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The Vicious Cycle: How My Productivity Became My Identity

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by Harshita GaneshFollow @harshikapoor17

I don’t know who I am when I am not productive. Unlike most people, I don’t have much of an identity or really a word that can personify my personality. The only real phrase that I can link to my personality is: “Carbon copy of my dad.” As I get older and blossom into an adult, I realize that God literally took my dad’s personality and copy-pasted it onto me.

My father is an immensely successful engineer, distinguished in his field, respected by his peers, and almost over-qualified for any task he is given. So when you think about it, it is not a bad thing to share the same personality. If there is one feature that we are most certainly “indistinguishably” diagnosed with, it is that we are workaholics. We both need to constantly work on something and keep our minds occupied, every second of our schedules packed with tasks, and mark checks all over our metaphorical and literal to-do lists.

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We are different in the sense, however, that my workaholism is there for a different, maybe even more sinister, reason. My productivity is my identity. If I am not working, I am just a hollow shell that doesn’t have much of a purpose. Ever since I was in middle school, I always felt that success was quantifiable. The number of competitions I took part in and, subsequently, the number of awards I won, displayed my worthiness. Each grade I got defined my intelligence and my ability to be successful. While other kids were just carefree and couldn’t care less about the number of awards they won, I would be at home almost heartbroken that I didn’t win more awards than certain people. While other kids were having fun, my mind would be burdened with how to work harder to get the most awards and the best grades the next year. Slowly, because of that, my depression worsened. To try to make it go away, I would fill my schedule to the absolute brim – that way, I could, theoretically, be better than everyone else.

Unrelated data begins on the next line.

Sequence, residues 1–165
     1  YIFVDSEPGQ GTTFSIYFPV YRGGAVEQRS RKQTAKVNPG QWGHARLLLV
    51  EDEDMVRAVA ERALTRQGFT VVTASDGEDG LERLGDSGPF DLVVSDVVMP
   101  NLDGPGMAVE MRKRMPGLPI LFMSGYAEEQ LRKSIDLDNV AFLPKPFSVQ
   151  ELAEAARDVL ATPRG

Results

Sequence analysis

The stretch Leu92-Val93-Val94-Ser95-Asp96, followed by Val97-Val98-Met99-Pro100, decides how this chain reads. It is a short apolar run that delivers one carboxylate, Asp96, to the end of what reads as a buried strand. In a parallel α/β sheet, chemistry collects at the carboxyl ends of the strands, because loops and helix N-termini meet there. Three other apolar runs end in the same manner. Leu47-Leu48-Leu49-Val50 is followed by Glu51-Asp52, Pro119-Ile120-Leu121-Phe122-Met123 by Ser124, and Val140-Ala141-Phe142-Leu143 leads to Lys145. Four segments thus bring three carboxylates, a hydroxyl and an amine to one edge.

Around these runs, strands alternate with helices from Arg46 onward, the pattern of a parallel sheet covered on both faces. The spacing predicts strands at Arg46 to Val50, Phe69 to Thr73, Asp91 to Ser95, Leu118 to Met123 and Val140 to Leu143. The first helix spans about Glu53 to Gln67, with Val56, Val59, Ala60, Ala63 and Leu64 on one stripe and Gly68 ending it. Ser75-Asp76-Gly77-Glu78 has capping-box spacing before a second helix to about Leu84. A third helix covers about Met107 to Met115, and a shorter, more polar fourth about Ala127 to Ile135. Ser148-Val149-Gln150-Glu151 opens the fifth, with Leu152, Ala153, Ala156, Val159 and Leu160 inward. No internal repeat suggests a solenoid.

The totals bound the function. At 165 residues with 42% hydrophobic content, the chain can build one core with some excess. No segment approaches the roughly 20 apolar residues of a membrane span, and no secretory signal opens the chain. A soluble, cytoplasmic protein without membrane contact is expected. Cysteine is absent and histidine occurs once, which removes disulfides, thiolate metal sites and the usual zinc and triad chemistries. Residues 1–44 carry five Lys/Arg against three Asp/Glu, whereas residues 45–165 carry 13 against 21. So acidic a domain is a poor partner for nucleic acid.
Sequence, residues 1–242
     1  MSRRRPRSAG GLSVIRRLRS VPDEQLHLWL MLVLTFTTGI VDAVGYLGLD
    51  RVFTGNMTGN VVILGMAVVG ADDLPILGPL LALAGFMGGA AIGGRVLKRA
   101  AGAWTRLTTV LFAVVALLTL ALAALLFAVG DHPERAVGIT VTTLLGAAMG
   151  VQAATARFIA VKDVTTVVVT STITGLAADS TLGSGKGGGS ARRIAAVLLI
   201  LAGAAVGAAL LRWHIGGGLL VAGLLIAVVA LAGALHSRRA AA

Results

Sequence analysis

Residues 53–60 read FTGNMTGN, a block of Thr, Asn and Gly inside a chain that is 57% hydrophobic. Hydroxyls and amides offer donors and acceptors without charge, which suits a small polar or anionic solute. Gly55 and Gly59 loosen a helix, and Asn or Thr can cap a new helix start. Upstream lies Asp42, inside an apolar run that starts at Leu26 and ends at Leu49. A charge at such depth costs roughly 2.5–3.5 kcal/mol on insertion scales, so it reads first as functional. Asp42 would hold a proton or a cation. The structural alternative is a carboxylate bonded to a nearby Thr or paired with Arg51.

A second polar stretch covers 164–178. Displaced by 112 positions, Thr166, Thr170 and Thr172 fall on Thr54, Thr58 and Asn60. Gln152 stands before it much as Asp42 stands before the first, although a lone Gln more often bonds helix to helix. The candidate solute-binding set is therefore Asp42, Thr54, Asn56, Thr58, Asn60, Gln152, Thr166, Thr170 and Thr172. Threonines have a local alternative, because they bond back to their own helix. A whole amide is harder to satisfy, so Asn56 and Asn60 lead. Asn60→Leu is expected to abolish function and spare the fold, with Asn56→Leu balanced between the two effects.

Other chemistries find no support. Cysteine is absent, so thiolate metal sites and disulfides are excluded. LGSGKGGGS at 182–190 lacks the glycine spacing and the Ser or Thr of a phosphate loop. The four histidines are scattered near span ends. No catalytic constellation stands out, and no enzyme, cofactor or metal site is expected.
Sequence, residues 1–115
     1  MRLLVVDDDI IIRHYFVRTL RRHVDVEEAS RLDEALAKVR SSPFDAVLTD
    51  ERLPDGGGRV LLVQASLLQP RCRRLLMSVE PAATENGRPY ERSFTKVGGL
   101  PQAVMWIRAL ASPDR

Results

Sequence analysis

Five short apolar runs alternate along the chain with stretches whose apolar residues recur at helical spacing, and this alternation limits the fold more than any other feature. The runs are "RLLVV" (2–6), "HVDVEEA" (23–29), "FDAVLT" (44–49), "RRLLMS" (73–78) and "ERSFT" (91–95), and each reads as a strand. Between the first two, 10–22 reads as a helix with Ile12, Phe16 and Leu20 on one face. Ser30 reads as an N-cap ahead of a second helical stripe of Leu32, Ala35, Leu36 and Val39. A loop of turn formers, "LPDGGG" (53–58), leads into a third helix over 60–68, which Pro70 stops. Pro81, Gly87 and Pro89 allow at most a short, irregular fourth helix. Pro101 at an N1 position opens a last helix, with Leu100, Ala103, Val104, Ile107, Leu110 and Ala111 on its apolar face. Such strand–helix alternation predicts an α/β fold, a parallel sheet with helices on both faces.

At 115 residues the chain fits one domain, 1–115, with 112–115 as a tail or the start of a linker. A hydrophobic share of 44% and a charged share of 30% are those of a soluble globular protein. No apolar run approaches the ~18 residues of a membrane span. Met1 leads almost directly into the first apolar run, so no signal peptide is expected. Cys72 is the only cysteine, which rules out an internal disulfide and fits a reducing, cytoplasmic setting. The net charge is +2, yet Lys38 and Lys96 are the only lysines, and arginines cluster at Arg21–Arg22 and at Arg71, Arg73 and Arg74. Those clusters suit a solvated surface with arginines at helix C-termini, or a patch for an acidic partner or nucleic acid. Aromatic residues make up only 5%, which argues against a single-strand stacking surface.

But that just left me tired, still feeling inadequate, and even more depressed. It was a subconscious vicious cycle that I could never break free from. I would spend evenings upon evenings feeling worthless, and every time my mom would bring up so-and-so’s kid’s success (not to compare me to that kid but just sharing as daily news), a fire would singe in my chest, telling me to continue to work otherwise I would never be worthy.

I have tied my own worth and dignity to the ability to be productive. It is very unhealthy and very painful, but that is how I am. Like most Asian parents, my parents would always tell me:

You can be anything you want to be as long as you work hard and become the best at it.

Even though that was said with the intention to be encouraging, it almost reinforced the purpose of my vicious cycle, giving it more of a reason to exist.

[Read Related: I’m Not Sad, Lazy or Non-Religious: How to Identify Signs of Depression]

I don’t have much of any natural talent, to be honest. Really I am just a “jack of all trades, master of none,” and even though I work harder than most of the people I know, I am still never even close to the being smartest or the most competent person in the room. Almost everything that is said to me about my ability to do a task is warped and twisted into some stupid reason as to why I don’t deserve to be studying something, or doing something, or have that job. The only thing I know how to do is work hard. That is the only thing I can do.

The struggle of working hard and never feeling adequate stems from insecurities that have never secured themselves into positivity, but have only been engraved into negativity. Every day I look at myself in the mirror and question my worth as a young adult. I realize that the more I care about my productivity, the angrier I will be. But for that day, I swallow my anger at my lack of quantifiable accomplishments and continue to participate in my stubborn, subconscious cycle of productivity. I just hope that one day I will gain the wisdom and mental strength to break free.

May is Mental Health Awareness Month. If you have a personal story you would like to share, please email us at Staff@browngirlmagazine.com with your submission.


Harshita Ganesh is a South Indian-Bollywood enthusiast; a princess who is here to fight patriarchy; a dancer; a pianist; and an explorer. Her main love is writing scripts on topics regarding empowerment and hopes to one day have one of her films made. She is currently an undergraduate engineering student in Europe and hopes to get a law degree soon after.

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